Kearney death scene looked 'sinister', garda tells court

The garda in charge of the investigation into the death of Siobhan Kearney decided the situation looked sinister on the day of her death a Central Criminal Court jury has heard.

The garda in charge of the investigation into the death of Siobhan Kearney decided the situation looked sinister on the day of her death a Central Criminal Court jury has heard.

Brian Kearney (aged 50) with an address at Carnroe, Knocknashee, Goatstown, Dublin, has pleaded not guilty to murdering his wife Siobhan (aged 38) on February 28, 2006 - his 49th birthday.

Detective Inspector Martin Cummins told prosecuting counsel Mr Dominic McGinn BL, he was told on arrival at Carnroe that he was dealing with a suicide and ordered a photographer to attend the scene to aid an eventual inquest.

"However, having made certain observations and heard certain things I decided that the situation was a lot more sinister," he said.

Det Ins Cummins said that he spoke to Mr Kearney in a back bedroom after he had identified his wife from the doorway of the bedroom.

He said Mr Kearney told him he and his wife had been sleeping in separate rooms for some time. He said on the morning of her death he had tried the door to her room and found it locked.

"Then he banged on the door and said 'I'm off, [our son's] downstairs."

Det Ins Cummins said that he decided not to allow Mr Kearney to take a change of clothes and at around 11.30pm, went to his parents' house to collect the clothes he had been wearing that day.

He was given the clothes by Mr Kearney's mother "who said she had washed them because they were sweaty or soiled".

The jury also heard from members of the technical team who examined the scene. Detective Garda Christopher O'Connor told Mr McGinn that he had examined the scene for fingerprints.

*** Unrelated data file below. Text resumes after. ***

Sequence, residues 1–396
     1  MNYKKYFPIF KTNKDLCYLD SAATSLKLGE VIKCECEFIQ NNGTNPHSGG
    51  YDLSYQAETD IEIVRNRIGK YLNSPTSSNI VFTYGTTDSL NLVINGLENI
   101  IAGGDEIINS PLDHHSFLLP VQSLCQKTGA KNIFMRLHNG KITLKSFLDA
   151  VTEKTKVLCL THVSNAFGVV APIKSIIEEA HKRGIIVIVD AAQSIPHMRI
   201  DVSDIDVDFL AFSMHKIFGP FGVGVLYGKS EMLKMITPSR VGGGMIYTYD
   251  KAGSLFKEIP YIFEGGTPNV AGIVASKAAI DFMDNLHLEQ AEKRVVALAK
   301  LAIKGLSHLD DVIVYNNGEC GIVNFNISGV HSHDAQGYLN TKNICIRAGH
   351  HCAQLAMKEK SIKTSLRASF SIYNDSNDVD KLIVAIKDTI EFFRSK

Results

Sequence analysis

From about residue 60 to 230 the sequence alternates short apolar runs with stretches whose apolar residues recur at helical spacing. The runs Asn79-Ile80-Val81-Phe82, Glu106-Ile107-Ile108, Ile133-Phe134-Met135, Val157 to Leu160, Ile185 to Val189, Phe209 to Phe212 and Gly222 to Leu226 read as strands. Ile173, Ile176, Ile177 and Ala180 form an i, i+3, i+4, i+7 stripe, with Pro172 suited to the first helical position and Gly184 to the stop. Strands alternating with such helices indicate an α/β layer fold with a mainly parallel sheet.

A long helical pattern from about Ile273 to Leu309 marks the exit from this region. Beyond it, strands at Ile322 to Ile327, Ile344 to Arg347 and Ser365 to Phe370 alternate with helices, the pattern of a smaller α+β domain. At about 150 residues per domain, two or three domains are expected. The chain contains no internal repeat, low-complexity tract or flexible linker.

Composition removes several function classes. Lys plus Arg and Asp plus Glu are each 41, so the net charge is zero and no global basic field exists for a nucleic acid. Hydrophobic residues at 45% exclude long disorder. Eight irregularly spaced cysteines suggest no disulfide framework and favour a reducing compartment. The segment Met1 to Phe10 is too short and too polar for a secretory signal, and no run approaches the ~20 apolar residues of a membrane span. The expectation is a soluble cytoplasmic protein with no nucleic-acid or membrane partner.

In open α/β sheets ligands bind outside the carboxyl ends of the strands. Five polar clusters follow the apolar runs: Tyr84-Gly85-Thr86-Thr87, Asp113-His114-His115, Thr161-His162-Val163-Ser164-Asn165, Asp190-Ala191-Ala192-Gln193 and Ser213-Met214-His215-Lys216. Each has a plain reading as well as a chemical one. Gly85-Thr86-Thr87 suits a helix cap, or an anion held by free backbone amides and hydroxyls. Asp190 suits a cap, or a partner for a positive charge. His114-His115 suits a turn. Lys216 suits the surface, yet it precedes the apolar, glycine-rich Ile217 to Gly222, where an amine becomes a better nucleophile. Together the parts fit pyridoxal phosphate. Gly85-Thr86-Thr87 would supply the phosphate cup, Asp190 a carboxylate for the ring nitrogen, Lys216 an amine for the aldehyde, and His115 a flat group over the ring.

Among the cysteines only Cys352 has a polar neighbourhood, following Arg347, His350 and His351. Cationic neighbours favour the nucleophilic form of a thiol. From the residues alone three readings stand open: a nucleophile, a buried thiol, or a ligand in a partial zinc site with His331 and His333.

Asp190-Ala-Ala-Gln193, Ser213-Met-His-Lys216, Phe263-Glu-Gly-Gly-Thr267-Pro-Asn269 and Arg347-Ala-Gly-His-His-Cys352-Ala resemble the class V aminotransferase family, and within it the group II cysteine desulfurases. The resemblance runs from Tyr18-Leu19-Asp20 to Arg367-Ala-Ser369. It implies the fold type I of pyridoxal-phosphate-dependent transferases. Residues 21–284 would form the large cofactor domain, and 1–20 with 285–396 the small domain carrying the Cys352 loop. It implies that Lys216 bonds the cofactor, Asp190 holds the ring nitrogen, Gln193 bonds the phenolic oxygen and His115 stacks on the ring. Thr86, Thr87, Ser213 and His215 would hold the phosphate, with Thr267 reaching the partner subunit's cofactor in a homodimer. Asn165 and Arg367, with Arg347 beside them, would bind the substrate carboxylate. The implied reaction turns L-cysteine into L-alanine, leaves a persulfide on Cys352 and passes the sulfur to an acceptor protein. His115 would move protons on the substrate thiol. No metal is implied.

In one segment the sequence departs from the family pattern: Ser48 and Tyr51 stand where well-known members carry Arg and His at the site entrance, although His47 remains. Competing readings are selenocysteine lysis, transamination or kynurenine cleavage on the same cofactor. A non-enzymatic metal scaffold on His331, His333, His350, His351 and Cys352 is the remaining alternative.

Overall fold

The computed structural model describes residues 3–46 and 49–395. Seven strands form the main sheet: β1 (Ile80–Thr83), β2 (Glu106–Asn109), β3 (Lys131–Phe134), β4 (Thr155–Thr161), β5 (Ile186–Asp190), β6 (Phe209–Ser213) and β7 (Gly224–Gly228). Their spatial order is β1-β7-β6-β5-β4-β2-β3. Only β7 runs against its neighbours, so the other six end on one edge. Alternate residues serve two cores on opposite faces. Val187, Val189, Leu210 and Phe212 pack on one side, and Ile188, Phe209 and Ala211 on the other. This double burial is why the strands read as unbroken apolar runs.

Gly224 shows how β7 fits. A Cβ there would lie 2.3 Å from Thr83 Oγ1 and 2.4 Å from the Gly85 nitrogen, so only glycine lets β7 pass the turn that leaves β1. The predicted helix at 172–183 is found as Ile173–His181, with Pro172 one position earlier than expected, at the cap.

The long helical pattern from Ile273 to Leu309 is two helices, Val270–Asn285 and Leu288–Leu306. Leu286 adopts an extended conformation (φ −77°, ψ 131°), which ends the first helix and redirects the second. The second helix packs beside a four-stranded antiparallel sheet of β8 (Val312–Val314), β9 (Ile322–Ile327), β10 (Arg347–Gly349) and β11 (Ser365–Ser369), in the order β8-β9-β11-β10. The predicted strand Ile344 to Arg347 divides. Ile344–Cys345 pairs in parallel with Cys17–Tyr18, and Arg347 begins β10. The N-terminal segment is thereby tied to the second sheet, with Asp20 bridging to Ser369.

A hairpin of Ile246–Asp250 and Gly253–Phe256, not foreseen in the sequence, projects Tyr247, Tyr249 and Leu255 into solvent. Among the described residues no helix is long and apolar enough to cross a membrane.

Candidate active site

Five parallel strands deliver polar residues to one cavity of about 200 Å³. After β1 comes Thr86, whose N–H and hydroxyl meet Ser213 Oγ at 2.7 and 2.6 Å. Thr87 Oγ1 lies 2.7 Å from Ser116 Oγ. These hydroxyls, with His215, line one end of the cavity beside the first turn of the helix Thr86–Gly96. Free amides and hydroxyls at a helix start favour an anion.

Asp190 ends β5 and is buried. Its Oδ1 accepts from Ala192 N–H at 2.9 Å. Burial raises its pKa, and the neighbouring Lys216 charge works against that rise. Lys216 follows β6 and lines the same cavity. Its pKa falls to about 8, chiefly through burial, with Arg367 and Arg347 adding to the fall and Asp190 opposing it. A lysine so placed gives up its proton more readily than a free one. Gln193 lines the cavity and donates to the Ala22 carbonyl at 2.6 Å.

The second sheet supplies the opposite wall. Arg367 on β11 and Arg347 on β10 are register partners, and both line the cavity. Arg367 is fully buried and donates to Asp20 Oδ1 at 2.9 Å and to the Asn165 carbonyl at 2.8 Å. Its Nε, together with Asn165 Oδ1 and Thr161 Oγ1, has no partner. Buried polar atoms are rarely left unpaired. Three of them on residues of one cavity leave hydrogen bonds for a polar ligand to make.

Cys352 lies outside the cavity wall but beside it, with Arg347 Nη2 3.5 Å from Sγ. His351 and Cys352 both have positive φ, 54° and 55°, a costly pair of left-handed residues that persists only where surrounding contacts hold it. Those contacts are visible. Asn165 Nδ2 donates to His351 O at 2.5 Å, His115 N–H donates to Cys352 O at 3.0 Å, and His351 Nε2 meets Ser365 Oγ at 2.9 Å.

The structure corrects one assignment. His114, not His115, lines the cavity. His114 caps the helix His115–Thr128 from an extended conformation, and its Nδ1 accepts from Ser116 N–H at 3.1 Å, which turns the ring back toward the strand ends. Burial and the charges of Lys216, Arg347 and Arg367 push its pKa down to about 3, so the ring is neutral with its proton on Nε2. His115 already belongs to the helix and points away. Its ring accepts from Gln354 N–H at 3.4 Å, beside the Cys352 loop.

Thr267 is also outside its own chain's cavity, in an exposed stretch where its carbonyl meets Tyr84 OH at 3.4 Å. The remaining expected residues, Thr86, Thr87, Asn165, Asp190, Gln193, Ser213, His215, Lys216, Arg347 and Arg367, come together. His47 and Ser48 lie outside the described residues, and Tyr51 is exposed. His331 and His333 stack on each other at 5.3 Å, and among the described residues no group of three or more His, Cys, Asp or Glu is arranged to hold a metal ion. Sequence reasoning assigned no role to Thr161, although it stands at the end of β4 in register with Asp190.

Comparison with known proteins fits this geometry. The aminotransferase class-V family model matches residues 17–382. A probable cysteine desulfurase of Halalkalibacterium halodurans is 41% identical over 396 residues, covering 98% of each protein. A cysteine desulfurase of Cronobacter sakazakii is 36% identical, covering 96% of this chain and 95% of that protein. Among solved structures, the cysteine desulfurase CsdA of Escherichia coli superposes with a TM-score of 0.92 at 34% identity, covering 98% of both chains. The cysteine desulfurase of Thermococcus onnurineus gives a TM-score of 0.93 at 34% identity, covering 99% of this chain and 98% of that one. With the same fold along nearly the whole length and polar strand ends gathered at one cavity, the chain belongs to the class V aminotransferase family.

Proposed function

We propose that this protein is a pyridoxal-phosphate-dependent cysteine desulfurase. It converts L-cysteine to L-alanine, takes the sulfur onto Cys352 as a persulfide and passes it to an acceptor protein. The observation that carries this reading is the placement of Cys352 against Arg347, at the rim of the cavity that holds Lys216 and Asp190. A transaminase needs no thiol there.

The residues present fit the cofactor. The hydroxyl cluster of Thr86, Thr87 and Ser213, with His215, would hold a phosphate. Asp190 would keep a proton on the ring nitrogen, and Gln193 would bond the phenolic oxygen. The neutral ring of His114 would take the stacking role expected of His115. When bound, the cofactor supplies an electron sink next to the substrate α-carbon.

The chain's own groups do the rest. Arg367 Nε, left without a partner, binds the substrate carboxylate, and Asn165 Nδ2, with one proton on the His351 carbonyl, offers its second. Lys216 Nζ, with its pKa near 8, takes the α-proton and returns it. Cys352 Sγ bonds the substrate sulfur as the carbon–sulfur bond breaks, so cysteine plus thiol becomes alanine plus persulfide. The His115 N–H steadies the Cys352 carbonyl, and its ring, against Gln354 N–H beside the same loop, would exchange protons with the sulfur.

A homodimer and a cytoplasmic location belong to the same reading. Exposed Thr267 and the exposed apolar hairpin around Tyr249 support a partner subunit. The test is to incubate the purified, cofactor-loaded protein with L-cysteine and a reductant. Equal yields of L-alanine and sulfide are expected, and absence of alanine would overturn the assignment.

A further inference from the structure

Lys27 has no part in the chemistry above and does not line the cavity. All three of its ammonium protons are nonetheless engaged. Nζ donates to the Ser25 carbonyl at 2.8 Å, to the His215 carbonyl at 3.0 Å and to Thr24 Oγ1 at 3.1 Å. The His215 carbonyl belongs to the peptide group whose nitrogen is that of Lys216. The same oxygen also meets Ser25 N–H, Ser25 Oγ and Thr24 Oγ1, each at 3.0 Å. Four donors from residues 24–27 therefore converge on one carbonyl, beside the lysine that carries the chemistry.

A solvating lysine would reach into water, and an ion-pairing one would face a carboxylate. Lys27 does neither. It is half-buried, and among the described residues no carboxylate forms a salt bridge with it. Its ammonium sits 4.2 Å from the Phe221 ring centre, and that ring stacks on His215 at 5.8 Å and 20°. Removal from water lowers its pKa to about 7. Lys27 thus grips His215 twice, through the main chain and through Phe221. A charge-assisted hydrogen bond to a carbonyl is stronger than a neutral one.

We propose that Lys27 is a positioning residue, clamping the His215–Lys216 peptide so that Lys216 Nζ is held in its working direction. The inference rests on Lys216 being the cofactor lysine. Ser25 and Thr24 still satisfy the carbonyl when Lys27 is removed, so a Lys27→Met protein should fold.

He said he did not find any finger or palm prints on the flex of the Dyson vacuum cleaner, found wrapped around the deceased woman, although he said that given the size of the cable this was not unexpected.

He also examined two glasses found in the bedroom, one found beside the bed and another found on the dressing table. Det Gda O'Connor said the glass by the bed contained Mrs Kearney's fingerprints while the one from the dressing table contained prints from both Mr and Mrs Kearney.

He also found prints from both Mr and Mrs Kearney on photographs found scattered on the floor inside the bedroom doorway. The prints were found on two separate photographs.

Detective Garda Jeanette O'Neill told Mr McGinn that she had organised for a large number of items to be taken out of the house for investigation including the contents of the safe in the bedroom and financial records.

She examined the bedroom and seized any objects that could have been used in a hanging. She also examined the wardrobe to see if it could have been used for this purpose but could not find any signs of weight being applied to the clothing racks.

The trial continues on tomorrow before Mr Justice White and the jury of eight women and four men.

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